Comfort for the poor
Every day at work I am confronted by the faces, voices and sounds of the homeless of the inner city of Cape Town. They gather early in the morning at the St George’s Cathedral soup kitchen for a warm meal—for many their only meal of the day.
On some days somebody plays the most wonderful tunes on the piano.
Here they find comfort and company—a haven for a few brief hours from the harsh realities of their lives on the streets of the Mother City.
The desperate reality of hunger is not confined to the cities of South Africa. It happens in Manzi, Maputo, Maseru, Lilongwe and Harare, as well as in most rural areas in the Southern African region.
At the beginning of this year, the Economic Justice Network (EJN) of the Fellowship of Christian Councils in Southern Africa (Foccisa) and other faith-based organisations (FBOs), including the Southern African Catholic Bishops’ Conference, the Dennis Hurley Peace Institute and Islamic Relief, organised a conference on Poverty Alleviation in Southern Africa. This initiative was supported by the Southern Africa Trust.
The main aim of the conference was to bring together FBOs from 11 countries in Southern Africa to discuss issues of mutual concern within the context of the Southern African Development Community (SADC) and to see how we can alleviate poverty in the region.
Delegates formed a faith-based network on food security and are working together to develop advocacy strategies for the SADC secretariat and other organs and institutions of the SADC.
In addition the EJN organised regional activities in South Africa, Swaziland, Lesotho and Malawi as part of a global campaign on the Right to Food held from October 14 to 21. On International Food Security Day, October 16, EJN, Hope Africa from the Anglican Church in Southern Africa and the Treatment Action Campaign organised a joint demonstration outside Parliament in Cape Town. A statement was handed over calling on SADC governments to keep their promise to eradicate hunger and poverty as stated in the Millennium Development Goals and to develop comprehensive plans to tackle the challenge of food insecurity in the SADC region.
In the Tanzania Declaration on Food Security, heads of state committed themselves to allocating 10% of government budgets to food security. Yet only Malawi is honouring this commitment. Why is it so difficult for governments to fulfil their commitments? Why will most countries in sub-Saharan Africa fail to reach the first Millennium Development Goal of halving poverty and hunger by 2015?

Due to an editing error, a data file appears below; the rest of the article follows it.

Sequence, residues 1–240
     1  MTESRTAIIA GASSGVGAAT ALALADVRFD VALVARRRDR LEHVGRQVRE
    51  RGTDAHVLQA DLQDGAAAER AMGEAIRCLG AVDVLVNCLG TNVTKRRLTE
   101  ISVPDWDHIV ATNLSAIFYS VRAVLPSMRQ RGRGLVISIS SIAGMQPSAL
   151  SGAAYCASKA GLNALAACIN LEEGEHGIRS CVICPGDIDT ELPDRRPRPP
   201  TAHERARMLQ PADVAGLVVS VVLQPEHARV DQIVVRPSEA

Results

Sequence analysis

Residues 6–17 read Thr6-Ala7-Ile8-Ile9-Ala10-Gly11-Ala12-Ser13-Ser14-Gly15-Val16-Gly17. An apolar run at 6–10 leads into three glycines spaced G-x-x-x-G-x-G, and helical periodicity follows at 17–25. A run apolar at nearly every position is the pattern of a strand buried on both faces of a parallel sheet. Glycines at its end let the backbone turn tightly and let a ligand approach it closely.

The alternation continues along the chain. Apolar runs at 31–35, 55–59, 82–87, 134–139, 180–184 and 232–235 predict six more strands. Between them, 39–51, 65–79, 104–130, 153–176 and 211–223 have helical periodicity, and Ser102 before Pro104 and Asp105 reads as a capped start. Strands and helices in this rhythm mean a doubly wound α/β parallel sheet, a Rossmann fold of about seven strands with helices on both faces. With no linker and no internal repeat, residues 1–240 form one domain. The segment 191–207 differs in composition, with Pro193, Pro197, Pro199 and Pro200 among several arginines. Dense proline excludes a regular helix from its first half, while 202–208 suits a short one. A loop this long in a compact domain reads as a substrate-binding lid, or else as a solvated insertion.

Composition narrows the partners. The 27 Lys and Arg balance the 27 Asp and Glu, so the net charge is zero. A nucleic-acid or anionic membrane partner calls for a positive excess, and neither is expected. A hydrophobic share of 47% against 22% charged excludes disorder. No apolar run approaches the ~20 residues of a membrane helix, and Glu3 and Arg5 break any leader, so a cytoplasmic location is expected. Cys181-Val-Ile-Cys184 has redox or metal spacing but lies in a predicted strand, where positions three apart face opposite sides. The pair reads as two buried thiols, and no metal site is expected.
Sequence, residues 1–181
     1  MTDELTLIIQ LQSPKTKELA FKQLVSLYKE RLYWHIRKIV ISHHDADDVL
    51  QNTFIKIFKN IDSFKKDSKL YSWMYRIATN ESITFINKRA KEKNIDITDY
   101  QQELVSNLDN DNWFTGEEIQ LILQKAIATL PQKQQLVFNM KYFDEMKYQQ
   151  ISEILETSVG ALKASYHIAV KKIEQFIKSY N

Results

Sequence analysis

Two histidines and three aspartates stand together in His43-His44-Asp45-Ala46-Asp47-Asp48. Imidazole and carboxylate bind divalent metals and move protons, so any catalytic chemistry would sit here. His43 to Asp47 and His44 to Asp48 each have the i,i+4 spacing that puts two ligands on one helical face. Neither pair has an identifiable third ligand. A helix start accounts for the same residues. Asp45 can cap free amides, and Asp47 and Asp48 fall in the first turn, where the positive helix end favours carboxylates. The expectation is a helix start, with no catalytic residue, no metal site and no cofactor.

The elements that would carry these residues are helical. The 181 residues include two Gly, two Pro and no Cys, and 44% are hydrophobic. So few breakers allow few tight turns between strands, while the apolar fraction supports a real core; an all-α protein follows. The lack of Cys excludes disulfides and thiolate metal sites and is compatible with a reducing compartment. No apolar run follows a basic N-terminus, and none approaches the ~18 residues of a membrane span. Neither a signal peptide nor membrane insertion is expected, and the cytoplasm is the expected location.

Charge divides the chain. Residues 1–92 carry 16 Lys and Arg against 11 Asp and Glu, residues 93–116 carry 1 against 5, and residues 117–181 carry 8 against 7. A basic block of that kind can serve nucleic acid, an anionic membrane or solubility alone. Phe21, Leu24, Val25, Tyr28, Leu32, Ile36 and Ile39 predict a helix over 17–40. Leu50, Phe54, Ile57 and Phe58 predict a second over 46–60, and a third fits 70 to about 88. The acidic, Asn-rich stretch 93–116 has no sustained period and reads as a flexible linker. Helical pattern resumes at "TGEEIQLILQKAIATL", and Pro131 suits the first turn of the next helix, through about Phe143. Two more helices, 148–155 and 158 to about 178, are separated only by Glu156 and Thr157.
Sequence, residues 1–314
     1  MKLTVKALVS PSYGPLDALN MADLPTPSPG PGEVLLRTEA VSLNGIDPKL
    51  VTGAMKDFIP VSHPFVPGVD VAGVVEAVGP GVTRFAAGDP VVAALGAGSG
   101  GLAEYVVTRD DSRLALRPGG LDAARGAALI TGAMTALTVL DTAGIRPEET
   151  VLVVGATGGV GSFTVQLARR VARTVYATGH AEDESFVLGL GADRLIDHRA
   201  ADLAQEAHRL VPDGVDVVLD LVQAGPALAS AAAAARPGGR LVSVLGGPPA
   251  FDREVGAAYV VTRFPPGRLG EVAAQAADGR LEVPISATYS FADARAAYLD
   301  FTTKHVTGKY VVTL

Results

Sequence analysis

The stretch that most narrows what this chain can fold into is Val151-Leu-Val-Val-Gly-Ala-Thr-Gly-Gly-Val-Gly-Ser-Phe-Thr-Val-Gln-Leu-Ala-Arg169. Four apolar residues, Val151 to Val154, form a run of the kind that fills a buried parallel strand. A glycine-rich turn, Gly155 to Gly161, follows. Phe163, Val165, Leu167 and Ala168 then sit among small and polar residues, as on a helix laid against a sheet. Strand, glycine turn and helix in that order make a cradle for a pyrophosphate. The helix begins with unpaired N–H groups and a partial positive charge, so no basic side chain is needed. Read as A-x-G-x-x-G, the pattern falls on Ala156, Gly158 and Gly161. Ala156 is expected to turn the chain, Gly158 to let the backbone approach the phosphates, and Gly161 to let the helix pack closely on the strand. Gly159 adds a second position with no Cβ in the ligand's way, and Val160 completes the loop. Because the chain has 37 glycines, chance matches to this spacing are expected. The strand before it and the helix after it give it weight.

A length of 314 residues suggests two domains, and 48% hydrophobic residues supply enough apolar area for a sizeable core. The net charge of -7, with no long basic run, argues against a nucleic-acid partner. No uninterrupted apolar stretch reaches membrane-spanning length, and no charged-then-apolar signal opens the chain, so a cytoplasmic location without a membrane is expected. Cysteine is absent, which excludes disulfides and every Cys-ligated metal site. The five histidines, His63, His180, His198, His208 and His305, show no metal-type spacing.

Why does it always seem as if access to food is a privilege and not a right? Article 25.1 of the Universal Declaration of Human Rights states: “Everyone has the right to a standard of living adequate for the health and wellbeing of him and of his family, including food, clothing, housing and medical care.” The International Covenant on Economic, Social and Cultural Rights goes further in stating that all parties recognise the “fundamental right of everyone to be free from hunger”, and signatories to the covenant will take the necessary measures to realise this right.
FBOs are actively engaged in making people aware of their right to food. It is not enough for the church to merely provide food in times of need. We need to ask questions and engage at a policy level on these issues. We believe that food is not a handout, it is a hand up. In the words of Bishop Helder Camara from Rio de Janeiro: “When I give people food they say I’m a Christian; when I ask why people don’t have food they say I’m a communist.”
FBOs are committed to engaging SADC and all governments to realise the right to food and food security for all. Food security means access by all people at all times to enough food for an active, healthy life. We recognise the importance of addressing policy issues around food production, land, agriculture and the lack of preparedness of Southern African states for drought and other calamities. We are committed to advocating for our governments, the SADC secretariat and its programmes to address the issues of poverty alleviation and the right to food and food security for all.
Reverend Malcolm Damon is executive director of the Economic Justice Network of Foccisa. For more information on the EJN and its activities, visit www.ejn.org.za